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Research unit director

Michel Cayouette, PhD
(514) 987-5757
Dr. Michel Cayouette is Director of the Cellular Neurobiology research unit and IRCM Research Professor. He is also Associate Research Professor in the Department of Medicine (Université de Montréal), an Adjunct Professor in the Department of Medicine (Division of Experimental Medicine) as well as in the Department of Anatomy and Cell Biology (McGill University).

Christine Jolicoeur, M.Sc.
(514) 987-5772
I obtained my undergraduate degree in Biochemistry and a Masters in Experimental medecine from Université Laval, Québec, Canada. I have been working as a Life Science Research Assistant since 1997. My career in neurobiology started in 2000 when I joined Dr. Martin Raff’s lab at University College London (United Kingdom) to study the maturation and differentiation of oligodendrocytes produced from lineage-selectable mouse embryonic stem cells. Two years later I joined Dr. Marc Tessier-Lavigne’s lab at Stanford University (California, USA) to work on a high throughput Genetrap project where I was generating and characterizing  knock out mice for axon guidance phenotypes. I joined the Cayouette lab to work on neural cell fate determination in 2004.

Marie-Claude Bélanger
(514) 987-5772
I’ve obtained a B.Sc in Biochemistry and a M.Sc in Biomedical Sciences from Université de Montréal. I have worked at the CHU Sainte-Justine under the supervision of Dr Louise Simard, where we have developed a preclinical test to quantify SMN mRNA transcript levels in patients with Spinal Muscular Atrophy (SMA). Then, under the supervision of Dr Graziella DiCristo, I investigated the role of polysialic acid (PSA) in the development of the GABAergic system in the mouse visual neocortex. I am currently enrolled in the Ph.D program in the division of Experimental Medicine at McGill University.  My research topics focus on adult mouse retinal stem cells neurogenesis and on the role of Müller glia in the maintenance of adult retinal tissue homeostasis.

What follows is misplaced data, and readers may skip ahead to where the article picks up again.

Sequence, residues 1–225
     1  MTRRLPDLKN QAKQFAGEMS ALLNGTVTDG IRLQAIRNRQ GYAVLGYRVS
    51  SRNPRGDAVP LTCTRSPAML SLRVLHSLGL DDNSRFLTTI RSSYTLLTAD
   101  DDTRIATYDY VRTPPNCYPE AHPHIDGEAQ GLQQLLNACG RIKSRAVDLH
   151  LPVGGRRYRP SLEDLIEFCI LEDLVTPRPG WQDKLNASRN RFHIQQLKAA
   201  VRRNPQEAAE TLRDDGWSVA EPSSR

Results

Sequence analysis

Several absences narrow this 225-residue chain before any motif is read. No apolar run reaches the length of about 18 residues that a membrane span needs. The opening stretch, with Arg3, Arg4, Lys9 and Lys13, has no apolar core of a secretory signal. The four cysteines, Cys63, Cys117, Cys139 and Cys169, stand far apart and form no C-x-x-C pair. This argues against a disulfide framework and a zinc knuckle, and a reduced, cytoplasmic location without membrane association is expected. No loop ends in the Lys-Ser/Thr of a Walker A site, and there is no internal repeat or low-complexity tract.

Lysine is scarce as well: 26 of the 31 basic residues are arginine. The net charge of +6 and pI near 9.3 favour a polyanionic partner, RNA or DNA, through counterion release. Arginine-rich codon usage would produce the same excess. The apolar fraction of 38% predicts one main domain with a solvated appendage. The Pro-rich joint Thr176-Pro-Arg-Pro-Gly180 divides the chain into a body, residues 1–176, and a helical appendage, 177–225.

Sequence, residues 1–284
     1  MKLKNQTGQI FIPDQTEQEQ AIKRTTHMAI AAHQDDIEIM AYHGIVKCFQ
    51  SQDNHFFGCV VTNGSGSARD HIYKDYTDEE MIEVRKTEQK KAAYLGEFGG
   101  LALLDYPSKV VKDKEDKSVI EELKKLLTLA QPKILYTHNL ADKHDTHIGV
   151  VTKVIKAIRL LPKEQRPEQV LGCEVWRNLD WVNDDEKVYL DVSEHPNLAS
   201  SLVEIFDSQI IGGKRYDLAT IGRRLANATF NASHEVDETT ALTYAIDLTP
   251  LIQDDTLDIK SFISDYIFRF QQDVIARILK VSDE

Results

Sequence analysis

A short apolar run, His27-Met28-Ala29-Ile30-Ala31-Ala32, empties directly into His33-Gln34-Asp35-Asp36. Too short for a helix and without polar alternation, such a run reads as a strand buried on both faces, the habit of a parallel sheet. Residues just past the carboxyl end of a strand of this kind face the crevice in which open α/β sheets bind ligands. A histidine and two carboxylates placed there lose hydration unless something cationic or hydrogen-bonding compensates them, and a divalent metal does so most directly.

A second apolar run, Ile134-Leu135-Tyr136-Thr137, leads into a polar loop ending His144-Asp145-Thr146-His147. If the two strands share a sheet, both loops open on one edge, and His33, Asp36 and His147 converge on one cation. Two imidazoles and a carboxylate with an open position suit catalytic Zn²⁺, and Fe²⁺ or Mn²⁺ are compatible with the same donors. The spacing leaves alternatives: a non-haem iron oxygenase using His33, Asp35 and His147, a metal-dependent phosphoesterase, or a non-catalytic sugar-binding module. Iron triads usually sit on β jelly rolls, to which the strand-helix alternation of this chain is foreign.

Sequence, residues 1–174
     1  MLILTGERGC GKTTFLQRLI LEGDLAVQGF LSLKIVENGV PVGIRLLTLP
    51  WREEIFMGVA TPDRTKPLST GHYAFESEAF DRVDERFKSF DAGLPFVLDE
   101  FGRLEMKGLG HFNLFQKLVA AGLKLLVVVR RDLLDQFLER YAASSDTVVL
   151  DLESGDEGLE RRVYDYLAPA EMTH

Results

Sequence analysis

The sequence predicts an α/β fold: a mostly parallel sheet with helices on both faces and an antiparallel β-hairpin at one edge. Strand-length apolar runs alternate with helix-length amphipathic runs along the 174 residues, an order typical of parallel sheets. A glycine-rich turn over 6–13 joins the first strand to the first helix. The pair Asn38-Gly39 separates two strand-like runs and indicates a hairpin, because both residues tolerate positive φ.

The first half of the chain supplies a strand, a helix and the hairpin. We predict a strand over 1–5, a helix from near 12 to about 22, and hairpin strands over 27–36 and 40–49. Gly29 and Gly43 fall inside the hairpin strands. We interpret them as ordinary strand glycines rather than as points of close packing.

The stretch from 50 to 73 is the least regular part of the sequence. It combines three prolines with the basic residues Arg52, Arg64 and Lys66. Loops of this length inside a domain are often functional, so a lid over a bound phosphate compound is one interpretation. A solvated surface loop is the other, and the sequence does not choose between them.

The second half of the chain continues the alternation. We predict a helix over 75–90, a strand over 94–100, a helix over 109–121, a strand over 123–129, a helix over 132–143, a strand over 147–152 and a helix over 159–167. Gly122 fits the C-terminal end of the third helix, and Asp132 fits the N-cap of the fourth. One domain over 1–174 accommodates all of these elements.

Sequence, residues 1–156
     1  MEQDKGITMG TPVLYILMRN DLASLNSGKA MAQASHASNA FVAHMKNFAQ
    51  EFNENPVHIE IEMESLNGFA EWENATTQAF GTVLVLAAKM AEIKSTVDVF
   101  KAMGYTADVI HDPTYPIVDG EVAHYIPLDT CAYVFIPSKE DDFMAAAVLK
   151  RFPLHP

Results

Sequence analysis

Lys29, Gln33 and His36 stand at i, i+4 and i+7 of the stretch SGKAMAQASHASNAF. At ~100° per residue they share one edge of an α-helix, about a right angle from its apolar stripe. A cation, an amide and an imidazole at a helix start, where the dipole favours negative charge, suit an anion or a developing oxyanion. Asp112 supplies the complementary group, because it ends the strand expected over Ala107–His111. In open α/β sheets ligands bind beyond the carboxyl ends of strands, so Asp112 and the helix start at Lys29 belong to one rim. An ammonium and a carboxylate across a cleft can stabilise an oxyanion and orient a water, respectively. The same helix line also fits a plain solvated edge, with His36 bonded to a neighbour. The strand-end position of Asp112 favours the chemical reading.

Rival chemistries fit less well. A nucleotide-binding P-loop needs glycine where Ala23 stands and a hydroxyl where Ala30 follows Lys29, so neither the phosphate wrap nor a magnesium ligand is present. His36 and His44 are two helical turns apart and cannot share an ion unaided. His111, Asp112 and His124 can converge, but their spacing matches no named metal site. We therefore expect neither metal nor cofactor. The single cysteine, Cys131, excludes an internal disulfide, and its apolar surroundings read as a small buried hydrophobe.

Carine Monat
(514) 987-5772
During my undergraduate study in biology at Clermont-Ferrand, Université d’Auvergne (France), I did my first undergrad project in Dr. Gilles Bronchti’s lab at Trois-Rivières University (UQTR). I studied cerebral plasticity in early or late blind mice. To complete my undergraduate degree, I joined Dre. Kozyraki’s lab at the Vision Institute in Paris to study retinal development. I obtained a master degree from "l’École pratique des hautes études (EPHE)", in Dr. Olivier Goureau’s lab at the Vision Institute in collaboration with the Retinopathies team of Dre. Christelle Monville at the Institut for Stem Cell Therapy and Exploration of Monogenic diseases (I-Stem). My aim was to differentiate human embryonic stem cells in photoreceptor cells. I joined Dr. Cayouette’s team in 2011 for my PhD in the molecular biology program at universite de Montreal. I study the mechanisms regulating asymmetric cell divisions during retinogenesis.

Adèle Tufford
(514) 987-5772
I grew up in Toronto, Canada and attended the University of Toronto for my undergraduate degree, with a major in Neuroscience. My first undergraduate research project was in the lab of Dr. Elise Stanley, where I studied single channel dynamics of various types of Calcium channels in the central and peripheral nervous system. I then moved to the lab of Dr. Cindi Morshead where I studied adult Neural Stem Cells in aging mice. In 2011 I moved to Montreal to start my PhD and joined the McGill Integrated Program in Neuroscience Rotation Program. After 4 different rotations I joined the Cayouette lab in 2012 because it was THE BEST! I study the development of cone photoreceptor circuitry in mice.

Camille Boudreau-Pinsonneault
(514) 987-5772
I completed my undergraduate degree in Neuroscience at McGill University. My undergraduate research project was in Dr. Carl Ernst and Dr. Naguib Mechawar’s laboratories at the Douglas Mental Health University Institute. I worked on stem cells, neuronal morphologies and their association with autism. I started my Ph.D. by taking part of the rotation program of the Integrated Program in Neuroscience at McGill University. In August 2014, after rotating in 3 different laboratories in different institutes, I chose the Cayouette laboratory where I am now working on adult retinal stem cells and regeneration.